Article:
The COVID-19 pandemic remains a health and humanitarian crisis, but the business impact on organizations is now profound.

The global pandemic demands that businesses make rapid, but highly informed decisions to protect their people, customers and partners.

Impact on Commerce: Prioritizing digital commerce

The impact of COVID-19 on customers is profound and the full impact on the economy is still unknown. While Direct-to-Consumer and B2B organizations scramble to meet immediate and emergency needs, the pandemic has activated a new wave of commerce innovation. New habits and behaviors are forming that are likely to remain … after the crisis has passed – and this presents opportunities.

In particular, organizations have an opportunity to double-down on digital commerce, expanding existing offerings and creating new lines of service. For example, retailers are rallying to rapidly stand up “contactless” delivery and curb-side pick-up services for consumers.

Canadian Retailers Need to Adjust if COVID-19 Sticks Around

Leaders can start by addressing three critical questions, considering the geography, industry, size and digital commerce maturity of their business:

  1. How do I REASSURE my customers and employees during this uncertain time?
  2. How do I STABILIZE digital operations with frictionless transactions and the capacity to handle increased demand?
  3. How do I RECONFIGURE my products, services, and markets and establish new partnerships and ecosystems to retain new and existing customers?

Immediate action can also be taken via the following short-term tactical plan:

Within 24 hours: Rapid Customer & Channel Immersion

Rapid cross functional-style assessment of current issues, shifting consumer patterns, value chain breakage/pain points. Identify critical individuals to give missing details on the major issues across the value chain.

Within 72 hours: Product Strategy & Prioritization

Triage and group the issues, pain points, and opportunities into a prioritized product backlog. Customer research identifies new patterns, marketplace strategy established to align with shifts in demand, supply chain audit completed, technology ecosystem partnerships identified.

Within 5 days: Product Teams Deployed

Initial pilot plan established at the conclusion of Week 1 sprint. Deployment of MVP in Initial Channel(s) (i.e. “Hub”) with minimum required features to test strain on systems. Identify marketing needs to drive awareness and demand.

Within 14 days: Optimization

Analyze data from MVP based on initial consumer response and strain on existing supply chain or systems. Dependencies outlined and optimized. Prepare for full launch at the conclusion of Sprint 2.

Next: Scale & Sprint

Scale the launch of the successful pilot product/channels.

Businesses must flex quickly to capture the opportunity; systems must be prepared to withstand the increased loads and actions must be implemented with pace.

Impact on Customers: Acting to maintain responsive customer service

The impact of the coronavirus outbreak requires brands to move at unprecedented speed to serve their customers with quality while caring for their employees with compassion. That means re-evaluating how contact centers are leveraged, how employees deliver relevant customer experiences, where they work, and how digital channels can be used to support the increase in contact center volume.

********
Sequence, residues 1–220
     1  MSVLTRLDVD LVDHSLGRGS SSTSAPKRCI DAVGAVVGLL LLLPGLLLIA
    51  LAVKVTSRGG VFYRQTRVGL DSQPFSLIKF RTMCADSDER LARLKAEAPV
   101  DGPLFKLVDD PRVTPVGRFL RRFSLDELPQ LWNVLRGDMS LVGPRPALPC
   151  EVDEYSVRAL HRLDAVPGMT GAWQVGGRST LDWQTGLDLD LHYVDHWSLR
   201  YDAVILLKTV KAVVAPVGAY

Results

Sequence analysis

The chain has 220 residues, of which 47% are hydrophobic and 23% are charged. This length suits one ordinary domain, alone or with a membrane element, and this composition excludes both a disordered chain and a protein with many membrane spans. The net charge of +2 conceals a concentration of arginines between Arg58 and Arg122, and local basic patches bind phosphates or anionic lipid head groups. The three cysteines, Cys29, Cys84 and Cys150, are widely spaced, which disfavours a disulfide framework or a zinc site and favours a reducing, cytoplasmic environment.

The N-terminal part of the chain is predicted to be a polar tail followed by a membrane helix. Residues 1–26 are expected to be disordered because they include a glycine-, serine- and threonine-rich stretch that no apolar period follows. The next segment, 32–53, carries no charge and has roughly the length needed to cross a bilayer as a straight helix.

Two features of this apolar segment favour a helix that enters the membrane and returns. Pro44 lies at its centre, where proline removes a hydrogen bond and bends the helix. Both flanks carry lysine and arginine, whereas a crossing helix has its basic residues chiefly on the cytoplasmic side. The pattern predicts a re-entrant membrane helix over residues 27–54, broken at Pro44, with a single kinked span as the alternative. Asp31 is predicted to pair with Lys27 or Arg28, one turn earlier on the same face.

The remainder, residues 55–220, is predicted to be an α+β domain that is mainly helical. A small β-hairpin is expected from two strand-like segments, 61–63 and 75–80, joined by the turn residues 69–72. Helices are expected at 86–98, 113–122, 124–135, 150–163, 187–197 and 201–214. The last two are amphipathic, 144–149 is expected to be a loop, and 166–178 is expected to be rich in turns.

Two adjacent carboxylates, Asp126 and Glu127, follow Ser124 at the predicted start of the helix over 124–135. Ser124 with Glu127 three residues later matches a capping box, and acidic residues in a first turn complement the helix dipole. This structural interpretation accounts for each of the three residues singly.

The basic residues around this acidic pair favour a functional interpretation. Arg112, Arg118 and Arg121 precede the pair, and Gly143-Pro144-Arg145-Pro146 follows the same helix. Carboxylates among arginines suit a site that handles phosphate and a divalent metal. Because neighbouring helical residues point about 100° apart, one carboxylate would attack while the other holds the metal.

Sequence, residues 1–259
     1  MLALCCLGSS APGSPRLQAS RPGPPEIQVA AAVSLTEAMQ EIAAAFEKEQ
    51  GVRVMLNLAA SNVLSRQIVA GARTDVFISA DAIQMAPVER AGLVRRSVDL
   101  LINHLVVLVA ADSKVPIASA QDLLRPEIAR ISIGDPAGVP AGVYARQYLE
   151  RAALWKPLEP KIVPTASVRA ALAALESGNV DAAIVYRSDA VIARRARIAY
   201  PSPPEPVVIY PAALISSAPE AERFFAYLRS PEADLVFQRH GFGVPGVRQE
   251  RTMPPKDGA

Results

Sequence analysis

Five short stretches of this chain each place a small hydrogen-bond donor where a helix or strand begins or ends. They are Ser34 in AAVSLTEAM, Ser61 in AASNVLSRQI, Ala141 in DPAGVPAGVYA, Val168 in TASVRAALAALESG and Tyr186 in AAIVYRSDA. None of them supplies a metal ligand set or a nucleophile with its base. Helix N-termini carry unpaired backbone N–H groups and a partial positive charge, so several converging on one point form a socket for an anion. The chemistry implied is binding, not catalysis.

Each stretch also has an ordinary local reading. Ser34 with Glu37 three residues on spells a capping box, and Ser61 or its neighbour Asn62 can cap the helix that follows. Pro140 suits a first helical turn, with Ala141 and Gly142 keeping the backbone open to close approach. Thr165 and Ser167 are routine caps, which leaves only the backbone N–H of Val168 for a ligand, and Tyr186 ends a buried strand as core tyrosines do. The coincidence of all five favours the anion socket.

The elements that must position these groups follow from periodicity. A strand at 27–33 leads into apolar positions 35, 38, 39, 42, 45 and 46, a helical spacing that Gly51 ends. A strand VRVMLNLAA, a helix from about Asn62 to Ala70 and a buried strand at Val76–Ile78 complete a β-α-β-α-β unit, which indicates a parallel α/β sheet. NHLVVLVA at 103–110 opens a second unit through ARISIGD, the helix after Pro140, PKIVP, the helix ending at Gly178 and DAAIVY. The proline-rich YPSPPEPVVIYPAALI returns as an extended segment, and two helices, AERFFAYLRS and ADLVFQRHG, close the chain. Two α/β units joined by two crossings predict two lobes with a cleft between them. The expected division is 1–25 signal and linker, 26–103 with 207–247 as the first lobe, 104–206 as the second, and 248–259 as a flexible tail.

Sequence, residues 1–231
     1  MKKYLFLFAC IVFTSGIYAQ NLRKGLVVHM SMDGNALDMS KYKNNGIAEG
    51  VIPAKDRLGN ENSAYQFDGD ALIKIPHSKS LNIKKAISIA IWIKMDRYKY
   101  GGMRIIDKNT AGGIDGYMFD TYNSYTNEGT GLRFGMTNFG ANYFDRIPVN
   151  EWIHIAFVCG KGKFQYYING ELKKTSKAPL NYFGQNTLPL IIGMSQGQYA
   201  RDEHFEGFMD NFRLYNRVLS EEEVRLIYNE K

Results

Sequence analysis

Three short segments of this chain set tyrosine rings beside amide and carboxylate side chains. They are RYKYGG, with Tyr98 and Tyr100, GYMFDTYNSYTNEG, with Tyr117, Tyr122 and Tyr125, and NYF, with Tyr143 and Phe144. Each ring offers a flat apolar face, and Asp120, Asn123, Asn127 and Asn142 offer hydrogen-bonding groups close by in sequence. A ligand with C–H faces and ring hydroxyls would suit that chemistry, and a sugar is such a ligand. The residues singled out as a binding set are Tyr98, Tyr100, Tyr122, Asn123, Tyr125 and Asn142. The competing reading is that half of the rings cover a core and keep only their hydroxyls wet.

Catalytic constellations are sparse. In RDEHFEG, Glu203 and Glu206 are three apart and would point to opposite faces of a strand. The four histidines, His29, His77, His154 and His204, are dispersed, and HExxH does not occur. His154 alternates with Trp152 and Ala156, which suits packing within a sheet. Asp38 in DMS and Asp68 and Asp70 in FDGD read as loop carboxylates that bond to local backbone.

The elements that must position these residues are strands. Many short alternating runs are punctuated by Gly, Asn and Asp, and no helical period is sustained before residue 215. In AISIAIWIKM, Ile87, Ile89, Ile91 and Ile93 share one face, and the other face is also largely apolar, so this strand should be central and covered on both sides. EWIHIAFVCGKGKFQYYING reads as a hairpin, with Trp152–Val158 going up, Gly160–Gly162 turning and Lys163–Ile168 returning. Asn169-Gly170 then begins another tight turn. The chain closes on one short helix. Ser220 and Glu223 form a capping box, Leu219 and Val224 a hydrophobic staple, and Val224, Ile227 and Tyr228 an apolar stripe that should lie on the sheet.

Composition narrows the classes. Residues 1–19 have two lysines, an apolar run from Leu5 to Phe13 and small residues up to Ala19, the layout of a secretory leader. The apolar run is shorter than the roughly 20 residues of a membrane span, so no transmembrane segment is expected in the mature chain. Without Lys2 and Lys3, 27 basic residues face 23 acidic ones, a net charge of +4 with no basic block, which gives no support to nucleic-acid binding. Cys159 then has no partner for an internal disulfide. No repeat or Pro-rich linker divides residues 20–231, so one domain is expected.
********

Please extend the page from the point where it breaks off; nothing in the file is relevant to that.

Consider banking where social distancing restrictions have pushed customers toward digital channels for service.

Leaders that can make the shift to new ways of working will help reduce potential revenue loss, forge new levels of trust with their workforce, and position their businesses for renewed growth once the pandemic subsides.

Looking Past 2020 || Calm Leadership Is What’s Needed

To respond to the evolving circumstances of the COVID-19 crisis, contact center executives need address three critical areas:

  1. Adopt new ways of working: Contact centers + remote access
    Rapidly stand up the infrastructure, management systems and processes required to support an effective remote workforce.
  2. Improve contact center management: Data, workflow and analytics
    Harness data and analytics to inform an agile, responsive and relevant approach to addressing customer needs and support. Reprioritize and sequence customer support so that the most critical needs are addressed first, with non-critical contacts deflected to digital.
  3. Augment and automate service: Virtual agents
    Stand up or enhance virtual agent capabilities to support COVID-19 specific requests or growing BAU volume.

Impact on Leadership: The need to build human resilience

The greatest immediate impact of the COVID-19 outbreak is on workforces. Organizations are therefore focusing on their primary responsibility: caring for their people while rapidly managing the shift to new patterns of work.

At this critical time, they must see through these changes in ways that gain and maintain the trust of their people. That trust depends on leaders demonstrating their care for individuals as well as the wider workforce and community. It means sharing a clear plan and transparently showing how decisions are made. And it requires leadership teams who can proactively respond rather than react, anticipating their people’s changing needs. This is particularly important in public organizations, where leadership needs to calm markets and reassure citizens, businesses, employees and community stakeholders.

Even in the best of times, people’s trust and engagement at work is a function of three human needs: physical, mental and relational. These needs are magnified during times of crisis. Leaders who rise to the challenge by meeting them will build higher levels of human resilience that, in turn enable their people to adapt, engage and serve customers.